19 September 2019 - Podcast
In another example of HMRC procrastination, the recent issue of R&C Brief 25/14, concerning supplies of sporting services by non-profit clubs to non-members has taken a full six months to be issued in the wake of the CJEU’s decision in the case of Bridport Golf Club. The problem faced by HMRC is that the UK legislation limits the exemption to supplies made to members of such non-profit clubs, and taxes supplies made to non-members. However, there is no sanction for this in the EU legislation, despite HMRC trying to manufacture legal tests that they thought might give sanction for it. This was all stated unequivocally in December 2013 by the CJEU. It was obvious, therefore, that charges made by such clubs to non-members should also be exempt. HMRC has finally conceded that this is the case and it will take steps to change the faulty legislation. Two further questions arise from this, namely whether clubs can reclaim the VAT overcharged, and what this means for proprietary clubs.
HMRC can defend against making repayments for overcharged VAT in cases where it would unjustly enrich the club. It has confirmed that it will reimburse overpaid VAT (subject to the four year cap) if the club agrees to hand the overpayment back to each non-member who was charged VAT. This is put forward as a serious suggestion, although it is somewhat unlikely that any club would go to the effort to recoup VAT simply to hand it over to non-members, let alone that they have kept records that enable them to do so. That is not the end of the matter, since the clubs may be able to show that there was no unjust enrichment involved in them keeping the money, since they did not pass the VAT cost to their customers, but suffered it themselves. That might be difficult to prove given that their main competitors are proprietary clubs, which charge VAT.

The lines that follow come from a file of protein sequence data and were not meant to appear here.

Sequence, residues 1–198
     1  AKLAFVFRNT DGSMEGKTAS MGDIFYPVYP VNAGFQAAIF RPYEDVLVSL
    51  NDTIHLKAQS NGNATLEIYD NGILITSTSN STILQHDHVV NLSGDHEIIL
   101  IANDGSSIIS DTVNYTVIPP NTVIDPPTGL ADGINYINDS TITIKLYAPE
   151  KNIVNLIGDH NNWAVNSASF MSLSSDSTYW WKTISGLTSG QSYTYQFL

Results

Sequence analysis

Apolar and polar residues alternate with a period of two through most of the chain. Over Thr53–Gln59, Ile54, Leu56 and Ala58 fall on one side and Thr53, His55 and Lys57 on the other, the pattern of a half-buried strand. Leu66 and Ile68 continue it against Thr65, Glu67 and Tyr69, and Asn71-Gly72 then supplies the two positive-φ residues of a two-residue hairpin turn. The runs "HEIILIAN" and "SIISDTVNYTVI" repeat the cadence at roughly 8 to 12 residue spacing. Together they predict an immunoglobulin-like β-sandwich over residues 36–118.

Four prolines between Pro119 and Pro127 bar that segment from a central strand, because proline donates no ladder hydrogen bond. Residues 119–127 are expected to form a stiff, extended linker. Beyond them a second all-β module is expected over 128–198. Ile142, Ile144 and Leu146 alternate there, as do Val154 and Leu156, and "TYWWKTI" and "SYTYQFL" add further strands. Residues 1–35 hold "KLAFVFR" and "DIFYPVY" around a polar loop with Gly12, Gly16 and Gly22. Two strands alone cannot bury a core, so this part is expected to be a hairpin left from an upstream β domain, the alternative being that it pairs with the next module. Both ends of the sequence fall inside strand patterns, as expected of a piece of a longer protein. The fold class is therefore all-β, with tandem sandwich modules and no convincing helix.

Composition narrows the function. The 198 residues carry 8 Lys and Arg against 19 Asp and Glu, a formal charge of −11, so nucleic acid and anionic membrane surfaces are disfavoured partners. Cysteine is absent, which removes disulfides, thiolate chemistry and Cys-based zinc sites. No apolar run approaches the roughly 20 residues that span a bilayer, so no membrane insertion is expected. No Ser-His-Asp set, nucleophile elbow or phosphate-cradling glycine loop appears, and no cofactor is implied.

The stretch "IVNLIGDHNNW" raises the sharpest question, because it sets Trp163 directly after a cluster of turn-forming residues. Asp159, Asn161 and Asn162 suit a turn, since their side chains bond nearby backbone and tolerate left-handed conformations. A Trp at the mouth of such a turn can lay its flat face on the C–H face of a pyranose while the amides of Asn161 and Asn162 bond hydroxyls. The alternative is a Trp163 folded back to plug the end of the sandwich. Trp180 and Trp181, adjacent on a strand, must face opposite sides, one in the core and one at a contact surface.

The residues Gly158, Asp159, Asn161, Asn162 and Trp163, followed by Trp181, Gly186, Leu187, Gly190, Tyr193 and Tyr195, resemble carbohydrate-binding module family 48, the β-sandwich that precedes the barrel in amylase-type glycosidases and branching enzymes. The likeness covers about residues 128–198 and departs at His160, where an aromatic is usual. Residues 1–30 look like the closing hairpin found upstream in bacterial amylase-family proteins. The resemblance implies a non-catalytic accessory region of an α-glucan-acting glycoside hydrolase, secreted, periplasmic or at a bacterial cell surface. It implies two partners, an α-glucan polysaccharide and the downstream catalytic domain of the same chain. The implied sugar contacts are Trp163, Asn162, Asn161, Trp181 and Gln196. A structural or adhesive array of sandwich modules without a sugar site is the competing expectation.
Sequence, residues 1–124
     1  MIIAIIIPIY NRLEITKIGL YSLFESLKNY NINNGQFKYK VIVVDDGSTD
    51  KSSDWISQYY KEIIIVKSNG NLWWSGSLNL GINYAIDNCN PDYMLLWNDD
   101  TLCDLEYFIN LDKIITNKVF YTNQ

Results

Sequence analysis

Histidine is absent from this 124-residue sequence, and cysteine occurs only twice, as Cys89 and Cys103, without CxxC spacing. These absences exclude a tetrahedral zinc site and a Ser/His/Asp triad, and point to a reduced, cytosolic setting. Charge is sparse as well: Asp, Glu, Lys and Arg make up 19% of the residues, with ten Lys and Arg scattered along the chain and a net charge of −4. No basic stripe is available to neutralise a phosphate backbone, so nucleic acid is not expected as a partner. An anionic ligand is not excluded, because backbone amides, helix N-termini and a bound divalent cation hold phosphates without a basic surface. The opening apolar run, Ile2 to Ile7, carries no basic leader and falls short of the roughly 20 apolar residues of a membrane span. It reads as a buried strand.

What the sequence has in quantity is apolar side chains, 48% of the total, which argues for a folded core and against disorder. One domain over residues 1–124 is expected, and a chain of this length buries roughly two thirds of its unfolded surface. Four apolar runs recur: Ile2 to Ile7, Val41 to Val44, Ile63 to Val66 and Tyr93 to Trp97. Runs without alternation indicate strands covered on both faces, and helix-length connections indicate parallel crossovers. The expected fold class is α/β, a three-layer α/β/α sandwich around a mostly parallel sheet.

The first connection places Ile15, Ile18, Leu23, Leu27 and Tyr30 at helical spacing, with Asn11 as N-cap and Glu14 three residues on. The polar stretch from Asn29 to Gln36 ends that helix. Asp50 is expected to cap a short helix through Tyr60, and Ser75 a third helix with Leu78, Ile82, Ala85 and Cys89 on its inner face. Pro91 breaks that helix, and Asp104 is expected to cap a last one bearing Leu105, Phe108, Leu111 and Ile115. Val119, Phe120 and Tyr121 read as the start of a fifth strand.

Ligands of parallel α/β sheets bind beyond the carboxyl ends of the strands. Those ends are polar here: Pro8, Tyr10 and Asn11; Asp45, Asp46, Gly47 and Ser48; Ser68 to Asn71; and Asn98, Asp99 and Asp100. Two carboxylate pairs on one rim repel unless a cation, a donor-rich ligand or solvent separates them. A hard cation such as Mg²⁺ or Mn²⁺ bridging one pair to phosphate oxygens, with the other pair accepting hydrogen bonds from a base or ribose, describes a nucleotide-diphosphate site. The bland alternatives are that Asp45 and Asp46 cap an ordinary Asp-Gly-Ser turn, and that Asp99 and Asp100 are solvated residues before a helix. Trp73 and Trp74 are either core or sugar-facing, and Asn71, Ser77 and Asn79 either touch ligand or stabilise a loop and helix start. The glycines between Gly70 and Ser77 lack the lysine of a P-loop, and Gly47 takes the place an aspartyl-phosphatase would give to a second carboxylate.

However, HMRC is giving consideration as to whether the unjust enrichment rules should be used against any clubs that make claims without promising to reimburse VAT to customers. They say they need to consider this and come back to us later in the year. It seems strange that they have not decided the point in the six months it has taken them to issue the Brief. It is, after all, the only controversial point that could be addressed – but it has been ducked. It seems this is another example of prevaricating for the sake of the public finances. The only response that clubs can make to this is to submit claims and prepare to fight on the issue of unjust enrichment.
For the proprietary sector things are not too good. There is no exemption within the EU legislation for profit-making sports providers. The latest development only widens the gap between non-profit making members clubs and proprietary clubs. It should be borne in mind that members clubs are not like charities, and exist for the specific benefit of members and not for society as a whole. Proprietary clubs are similar but configured on a profit-making basis. The distinction does appear somewhat unfair, although there is no reason to want to deny members clubs the benefit of their favourable status simply because someone else cannot enjoy that benefit.